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Roundhouse kitchens? Other options? Worth paying more for a kitchen that will last?

(11 Posts)
WhatIfWhatIf Fri 13-Jan-17 21:42:32

Anyone know anything about Roundhouse? They look beautiful but I assume they're enormously expensive?

We're looking for a kitchen that we're hoping will last a long time. Not sure if it's worth paying more for something higher end or whether we could get something from Wickes that would do just as good a job. Or Howdens. Or something else?

Any thoughts/experience/help/ideas/suggestions...?

RedHelenB Sat 14-Jan-17 10:39:14

Do you really want it to last though? I chose my solid wood kitchen when I bought our house new 20 years ago,. Because i chose it I still like it and as there is nothing wrong with it I haven't changed it. However, a lot of my neighbours have because fashions change.

BigGreenOlives Sat 14-Jan-17 10:41:50

It depends a bit on the value of your house, I think they start around £40K. If you have a house worth over £800K and are going to stay in the house for a long time then yes. If you have a house worth £120K which you might have to move from in 4 years then no.

bouncydog Sun 15-Jan-17 17:34:36

We've just had a solid maple kitchen from Prentice installed and are really pleased with it. The units are very solid and the doors are beautiful. Our last kitchen was from MFI about 20 years ago - the doors were still o.k. when we got rid of it - but the carcasses were not great and we are fairly careful with stuff. I personally wouldn't spend a fortune on a glossy type kitchen because I believe that they date - but its down to budget and personal choice in the end.

OnePlanOnHouzz Sun 15-Jan-17 18:22:50

It's worth spending a good amount of time working through the layout design with a designer /supplier /or freelance concept planner to get that just right for you first ... as IMO that's one of the most important parts of buying a new kitchen. It's hot yo not just look good - but has to make you day easier and suit your lifestyle etc.
If your layout works just as well with generic sized cabinetry - get lots of quotes and ask for people's recommendations of different suppliers locally and regionally - if your specific design works best with something more bespoke then stick with the bespoke suppliers !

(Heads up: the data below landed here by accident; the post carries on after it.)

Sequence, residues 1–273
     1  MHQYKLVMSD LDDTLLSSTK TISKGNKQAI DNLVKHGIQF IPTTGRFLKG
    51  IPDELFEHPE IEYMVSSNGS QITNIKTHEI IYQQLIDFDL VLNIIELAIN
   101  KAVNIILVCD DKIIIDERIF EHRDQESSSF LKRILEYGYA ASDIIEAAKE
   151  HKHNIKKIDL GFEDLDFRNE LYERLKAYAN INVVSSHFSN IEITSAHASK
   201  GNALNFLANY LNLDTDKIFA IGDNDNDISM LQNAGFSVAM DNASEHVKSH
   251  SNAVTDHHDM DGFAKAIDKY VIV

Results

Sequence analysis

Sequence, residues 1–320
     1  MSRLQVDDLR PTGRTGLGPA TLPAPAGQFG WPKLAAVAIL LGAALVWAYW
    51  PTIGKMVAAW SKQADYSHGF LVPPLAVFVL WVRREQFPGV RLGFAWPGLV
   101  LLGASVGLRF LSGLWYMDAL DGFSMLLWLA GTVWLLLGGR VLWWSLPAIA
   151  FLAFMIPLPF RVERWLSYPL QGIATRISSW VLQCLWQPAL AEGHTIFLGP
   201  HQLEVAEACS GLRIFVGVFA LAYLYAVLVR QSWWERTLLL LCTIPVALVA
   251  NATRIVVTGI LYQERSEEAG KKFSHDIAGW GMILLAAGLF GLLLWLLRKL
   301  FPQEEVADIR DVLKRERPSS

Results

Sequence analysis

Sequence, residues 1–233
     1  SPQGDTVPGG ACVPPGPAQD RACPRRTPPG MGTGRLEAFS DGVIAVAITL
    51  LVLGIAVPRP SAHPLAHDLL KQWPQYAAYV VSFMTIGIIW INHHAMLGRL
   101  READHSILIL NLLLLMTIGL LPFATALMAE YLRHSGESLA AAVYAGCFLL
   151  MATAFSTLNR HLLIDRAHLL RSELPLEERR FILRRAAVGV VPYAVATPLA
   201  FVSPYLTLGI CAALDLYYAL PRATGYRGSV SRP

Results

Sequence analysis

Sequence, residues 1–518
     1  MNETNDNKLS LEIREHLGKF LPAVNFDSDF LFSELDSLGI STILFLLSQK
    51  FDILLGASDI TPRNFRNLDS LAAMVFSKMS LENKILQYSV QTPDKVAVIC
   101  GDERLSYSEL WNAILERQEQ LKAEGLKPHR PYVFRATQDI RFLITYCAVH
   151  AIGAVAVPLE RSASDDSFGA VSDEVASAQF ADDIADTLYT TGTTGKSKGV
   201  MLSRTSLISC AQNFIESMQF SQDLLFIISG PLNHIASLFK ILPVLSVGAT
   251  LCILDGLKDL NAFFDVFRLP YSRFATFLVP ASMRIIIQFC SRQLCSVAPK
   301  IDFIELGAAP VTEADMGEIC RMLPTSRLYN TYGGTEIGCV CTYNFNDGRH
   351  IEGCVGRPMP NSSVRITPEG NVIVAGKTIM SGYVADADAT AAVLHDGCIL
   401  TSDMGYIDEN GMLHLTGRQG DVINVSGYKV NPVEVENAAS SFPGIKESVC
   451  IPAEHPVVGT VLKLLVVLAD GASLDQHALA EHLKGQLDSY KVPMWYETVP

Have fun !!

OnePlanOnHouzz Sun 15-Jan-17 18:23:55

I hate auto correct !!
You knew what I meant I expect ! blush

WhatIfWhatIf Sun 15-Jan-17 22:00:23

Thanks so much for replies.

I understand what you're saying about fashions changing and things dating - hence keen to avoid the trendy high gloss look as agree this could look dated before too long. Hoping to go for something fairly simple/classic.

The house is our 'forever home', bought recently and in need of full renovation. It is worth enough to justify a decent kitchen but we have a lot of work to do and are keen to try to get a balance between not spending money unnecessarily and having something that looks good and is decent quality.

Our last kitchen was a year old when we moved into the house and by the time we moved out seven years later it did look pretty shabby (despite most of those years being pre children and looking after it well) so would like to avoid that happening.

We went for an initial look around yesterday and found that the Wickes/Magnet/Wren type places all seemed to have pretty much the same stuff whereas the one higher end German make we looked at did look and feel much better quality.

Planning to talk through design ideas with a few different places and see where we go from there... It just feels like such a big important thing to get right - am finding it more stressful than expected!

5amisnotmorning Tue 17-Jan-17 07:31:11

We evenly had a devol kitchen fitted which is great quality. We already had a design and didn't need bespoke size cabinetry. If we did I probably would have gone for Higham - I think you will get an amazing quality kitchen for much less than a Roundhouse.

minipie Tue 17-Jan-17 11:25:19

I was told by an interior designer (high end London) recently that Roundhouse kitchens haven't worn well in her experience. However that's purely hearsay!

They have a sale on at the moment...

Ramona75 Thu 19-Jan-17 12:44:46

When thinking about a new kitchen just remember that the units are made from MFC and the doors are either MDF or OAK (Germans do use MFC doors). Always get some samples first and compare them. There is no point spending £1,000 extra for a popular branded name when you can get exactly the same thing for half the price elsewhere.

Just pay attention to door thickness, hinges & fittings and door edging, if it has any (anything but Ikea edging that falls off when you breathe on it!)

Hope this helps!

fizzandbubbles Wed 01-Mar-17 17:07:17

As it's your forever home I would say it's worth investing in something of really good quality. We've recently moved (hopefully for the last time!) so a good quality kitchen is on our radar too. I don't know anything about Roundhouse? Have you thought about a company called Davonport? My friend got a Davonport kitchen a few years ago and it's worn really well so we're definitely going there once we're in a better position to start kitchen planning. They make all the kitchens locally (Essex) too which is extra nice for us. If you do want to go high end then maybe it's worth a look?

Good luck with it all!

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